We have done volume flow measurements since 1984. We find them
extremely useful for the follow-up of infrainguinal arterial bypasses.
We look for a bypass flow rate to be high initially in the early
post-op period but then reach a steady-state somewhere around 6 months
post-op. We routinely perform reactive hyperemia and look for a least
a doubling in volume flow as an indicator of a healthy bypass.
What is really important to a patient's limb is not how fast the blood
is flowing but how much blood (oxygen) is getting down to the tissue.
Remember, we don't pay for gasoline by how fast it comes out of the
pump but rather how many gallons (volume) we pump into our tanks.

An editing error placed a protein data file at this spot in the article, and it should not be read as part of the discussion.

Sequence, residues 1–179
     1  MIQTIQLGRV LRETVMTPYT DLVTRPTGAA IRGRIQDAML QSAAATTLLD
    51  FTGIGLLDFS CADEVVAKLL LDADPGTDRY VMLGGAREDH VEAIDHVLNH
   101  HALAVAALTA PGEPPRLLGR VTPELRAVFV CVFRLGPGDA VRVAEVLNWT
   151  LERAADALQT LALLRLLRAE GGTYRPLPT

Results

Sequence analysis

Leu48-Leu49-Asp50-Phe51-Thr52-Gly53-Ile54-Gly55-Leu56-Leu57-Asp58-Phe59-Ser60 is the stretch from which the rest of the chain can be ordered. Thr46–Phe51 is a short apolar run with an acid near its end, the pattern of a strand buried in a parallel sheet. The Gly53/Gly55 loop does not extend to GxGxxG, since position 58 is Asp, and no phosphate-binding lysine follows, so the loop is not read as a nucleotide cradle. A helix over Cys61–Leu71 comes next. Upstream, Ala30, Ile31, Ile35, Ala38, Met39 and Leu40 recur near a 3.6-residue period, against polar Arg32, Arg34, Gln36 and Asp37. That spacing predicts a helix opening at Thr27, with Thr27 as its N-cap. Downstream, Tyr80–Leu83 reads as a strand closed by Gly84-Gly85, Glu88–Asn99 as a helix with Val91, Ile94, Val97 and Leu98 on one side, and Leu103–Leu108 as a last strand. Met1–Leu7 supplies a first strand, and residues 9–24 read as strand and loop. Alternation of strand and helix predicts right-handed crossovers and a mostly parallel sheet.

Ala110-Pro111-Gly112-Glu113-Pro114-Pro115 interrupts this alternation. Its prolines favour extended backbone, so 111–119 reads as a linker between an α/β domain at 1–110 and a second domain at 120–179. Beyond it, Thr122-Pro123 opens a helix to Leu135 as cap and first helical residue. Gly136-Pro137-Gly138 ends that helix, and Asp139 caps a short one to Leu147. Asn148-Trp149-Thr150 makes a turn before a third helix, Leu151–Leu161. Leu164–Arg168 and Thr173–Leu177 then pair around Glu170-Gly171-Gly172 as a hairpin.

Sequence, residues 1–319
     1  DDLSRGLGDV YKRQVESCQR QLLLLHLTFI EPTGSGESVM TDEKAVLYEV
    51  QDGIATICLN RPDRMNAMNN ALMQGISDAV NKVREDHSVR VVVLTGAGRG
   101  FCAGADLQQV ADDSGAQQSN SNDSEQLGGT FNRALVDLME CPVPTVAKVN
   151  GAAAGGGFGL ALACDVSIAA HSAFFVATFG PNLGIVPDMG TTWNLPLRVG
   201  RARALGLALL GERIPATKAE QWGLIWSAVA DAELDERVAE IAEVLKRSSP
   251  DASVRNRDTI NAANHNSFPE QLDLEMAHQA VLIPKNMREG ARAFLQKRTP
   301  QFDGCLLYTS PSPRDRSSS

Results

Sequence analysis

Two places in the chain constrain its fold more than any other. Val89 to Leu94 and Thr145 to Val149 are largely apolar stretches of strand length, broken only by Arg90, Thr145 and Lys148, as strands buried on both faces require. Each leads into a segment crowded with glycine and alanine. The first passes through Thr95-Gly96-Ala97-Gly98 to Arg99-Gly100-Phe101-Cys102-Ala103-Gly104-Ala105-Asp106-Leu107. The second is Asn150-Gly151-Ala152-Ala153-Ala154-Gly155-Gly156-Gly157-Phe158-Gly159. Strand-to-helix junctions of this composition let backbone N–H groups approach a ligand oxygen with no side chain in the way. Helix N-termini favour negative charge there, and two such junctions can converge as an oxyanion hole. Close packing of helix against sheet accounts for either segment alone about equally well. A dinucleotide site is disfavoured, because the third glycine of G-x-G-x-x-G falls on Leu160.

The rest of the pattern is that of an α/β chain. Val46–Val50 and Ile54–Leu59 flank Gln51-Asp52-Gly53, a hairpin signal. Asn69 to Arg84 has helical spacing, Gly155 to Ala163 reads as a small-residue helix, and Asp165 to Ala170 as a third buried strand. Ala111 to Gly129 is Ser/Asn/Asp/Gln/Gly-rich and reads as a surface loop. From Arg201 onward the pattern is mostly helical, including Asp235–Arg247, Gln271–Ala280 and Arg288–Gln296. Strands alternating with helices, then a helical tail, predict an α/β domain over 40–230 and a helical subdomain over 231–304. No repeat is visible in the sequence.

Volume flows can vary significantly between machines. If you are
going to do volume flows, you must validate it in you own lab with a
proper phantom. There can be a lot of variability but by being
careful, this can be limited. We have measured volume flow in
dialysis grafts, renal transplants, radial arteries, native lower
extremity arteries, and ICAs. Much of it has been for research
purposes but it is part of our standard protocol for bypasses and
Ann Marie Kupinski
Karmody Vascular Lab